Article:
Notwithstanding Earlier Decision On Same Issue, Parties Can Approach Court Again Under Amended Provisions: Delhi HC [Read Judgment]
The High Court of Delhi, in Madhava Hytech-Rani (JV) v. IRCON International Limited, has refused to reject a petition under Section 11 of the Arbitration and Conciliation Act, 1996, on the ground that a similar petition had earlier been rejected, taking the view that a fresh petition under the amended provisions could be filed.
“The earlier petition had been dismissed prior to the enactment of the Amendment Act. At the material time, if the parties agreed, an employee of a party to the arbitral proceedings could be appointed as an arbitrator. The said law no longer holds good as Section 12(5) of the Act begins with a non-obstante clause and notwithstanding any prior agreement between the parties, a person who is related to a party as specified in Seventh Schedule to the Act would be ineligible for being appointed as an arbitrator. This issue was not before the Court while considering Madhava’s earlier petition and, therefore, Madhava cannot be precluded from approaching this Court in view of the substantive change in the law,” Justice Vibhu Bakhru observed.
The court was hearing a petition filed by Madhava Hytech-Rani (JV) under Section 11 of the Arbitration and Conciliation Act, 1996, for appointment of a sole arbitrator. The respondent, IRCON International Ltd, had principally opposed the petition on the ground that an earlier petition filed by Madhava for similar reliefs was dismissed.
An earlier petition filed by Madhava was rejected by the court, relying on the arbitration clause in the agreement between the parties, wherein they had agreed to the appointment of a working or a retired employee of IRCON as the sole arbitrator. An SLP and a review petition against the order were also rejected.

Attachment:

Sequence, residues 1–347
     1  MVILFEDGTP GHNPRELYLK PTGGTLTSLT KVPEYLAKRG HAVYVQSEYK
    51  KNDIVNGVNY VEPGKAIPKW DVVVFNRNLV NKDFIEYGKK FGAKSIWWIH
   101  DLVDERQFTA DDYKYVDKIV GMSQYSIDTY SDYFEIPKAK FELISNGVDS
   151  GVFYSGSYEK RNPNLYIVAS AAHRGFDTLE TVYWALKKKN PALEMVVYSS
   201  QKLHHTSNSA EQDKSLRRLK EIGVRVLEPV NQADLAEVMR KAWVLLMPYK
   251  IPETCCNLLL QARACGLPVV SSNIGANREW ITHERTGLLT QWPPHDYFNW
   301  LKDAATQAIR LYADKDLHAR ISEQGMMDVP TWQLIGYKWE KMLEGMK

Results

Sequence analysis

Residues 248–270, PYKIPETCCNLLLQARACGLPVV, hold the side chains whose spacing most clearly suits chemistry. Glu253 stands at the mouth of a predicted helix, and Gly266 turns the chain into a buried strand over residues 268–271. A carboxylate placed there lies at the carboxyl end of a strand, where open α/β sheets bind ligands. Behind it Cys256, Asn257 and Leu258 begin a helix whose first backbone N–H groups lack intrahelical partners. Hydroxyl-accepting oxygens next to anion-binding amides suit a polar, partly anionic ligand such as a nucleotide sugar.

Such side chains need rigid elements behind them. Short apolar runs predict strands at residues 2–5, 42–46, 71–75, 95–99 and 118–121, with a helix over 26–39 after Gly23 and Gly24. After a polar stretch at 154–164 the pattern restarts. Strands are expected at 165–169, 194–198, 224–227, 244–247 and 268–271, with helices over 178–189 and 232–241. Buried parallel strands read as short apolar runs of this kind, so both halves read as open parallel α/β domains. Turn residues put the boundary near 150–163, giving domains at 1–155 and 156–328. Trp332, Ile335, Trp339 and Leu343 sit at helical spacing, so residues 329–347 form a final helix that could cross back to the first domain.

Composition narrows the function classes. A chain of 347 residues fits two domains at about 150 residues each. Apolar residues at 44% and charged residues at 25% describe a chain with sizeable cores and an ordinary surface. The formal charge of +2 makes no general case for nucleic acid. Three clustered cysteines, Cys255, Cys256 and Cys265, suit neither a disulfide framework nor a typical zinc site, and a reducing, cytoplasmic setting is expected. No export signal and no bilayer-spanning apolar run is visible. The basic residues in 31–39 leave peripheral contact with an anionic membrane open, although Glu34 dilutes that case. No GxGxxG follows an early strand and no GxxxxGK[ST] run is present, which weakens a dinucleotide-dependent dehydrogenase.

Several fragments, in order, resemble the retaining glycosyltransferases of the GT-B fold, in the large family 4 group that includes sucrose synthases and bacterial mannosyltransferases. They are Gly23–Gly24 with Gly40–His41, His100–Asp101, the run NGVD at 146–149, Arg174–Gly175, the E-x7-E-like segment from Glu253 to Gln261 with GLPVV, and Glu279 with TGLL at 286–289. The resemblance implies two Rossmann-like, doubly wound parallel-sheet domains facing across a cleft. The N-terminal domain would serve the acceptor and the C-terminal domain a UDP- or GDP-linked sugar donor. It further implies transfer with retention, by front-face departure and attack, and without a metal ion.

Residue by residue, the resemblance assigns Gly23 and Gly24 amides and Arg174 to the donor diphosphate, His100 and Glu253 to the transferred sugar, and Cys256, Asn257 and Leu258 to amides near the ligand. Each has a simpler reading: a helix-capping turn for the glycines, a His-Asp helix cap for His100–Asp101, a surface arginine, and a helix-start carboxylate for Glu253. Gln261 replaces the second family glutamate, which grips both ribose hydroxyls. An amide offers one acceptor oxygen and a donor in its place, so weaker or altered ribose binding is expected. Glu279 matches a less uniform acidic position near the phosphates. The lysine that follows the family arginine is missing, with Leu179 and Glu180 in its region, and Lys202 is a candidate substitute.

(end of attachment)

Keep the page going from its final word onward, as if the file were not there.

It was now contended by Madhava that the petition could not be rejected on the principle of res judicata because the decision in the earlier petition was rendered in the context of the un-amended Act, and the provisions of Arbitration and Conciliation (Amendment) Act, 2015, were not in issue. In terms of Section 12(5) of the Act read with Schedule VII to the amended Act, any employee of a party to the arbitration proceeding is ineligible for being appointed as an arbitrator.
Accepting this reasoning, the court noted that none of the three persons as suggested by IRCON were eligible for being appointed as an arbitrator under the Act, as amended. It then went on to observe that the parties had specifically agreed that the arbitration proceedings would be governed by the Act, as well as any statutory modifications or reenactment. It hence observed that the case at hand fell within the exception as provided under Section 26 of the Amendment Act, as the parties had expressly agreed that any statutory modification to the Act would be applicable.
Ruling that Madhava could approach the court under the amended provisions, the court reaffirmed the position laid down by the Supreme Court in the case of Mathura Prasad Bajoo Jaiswal and Ors v Dossibai NB Jeejeebhoy, wherein the latter observed: “7. Where the law is altered since the earlier decision, the earlier decision will not operate as res judicata between the same parties: Tarini Charan Bhattacharjee case. It is obvious that the matter in issue in a subsequent proceeding is not the same as in the previous proceeding, because the law interpreted is different.”
The high court, thereby, ruled: “In view of the principle as explained by the Supreme Court above, the present petition cannot be rejected solely on the ground that Madhava’s earlier petition had been dismissed.”
Read the Judgment here.
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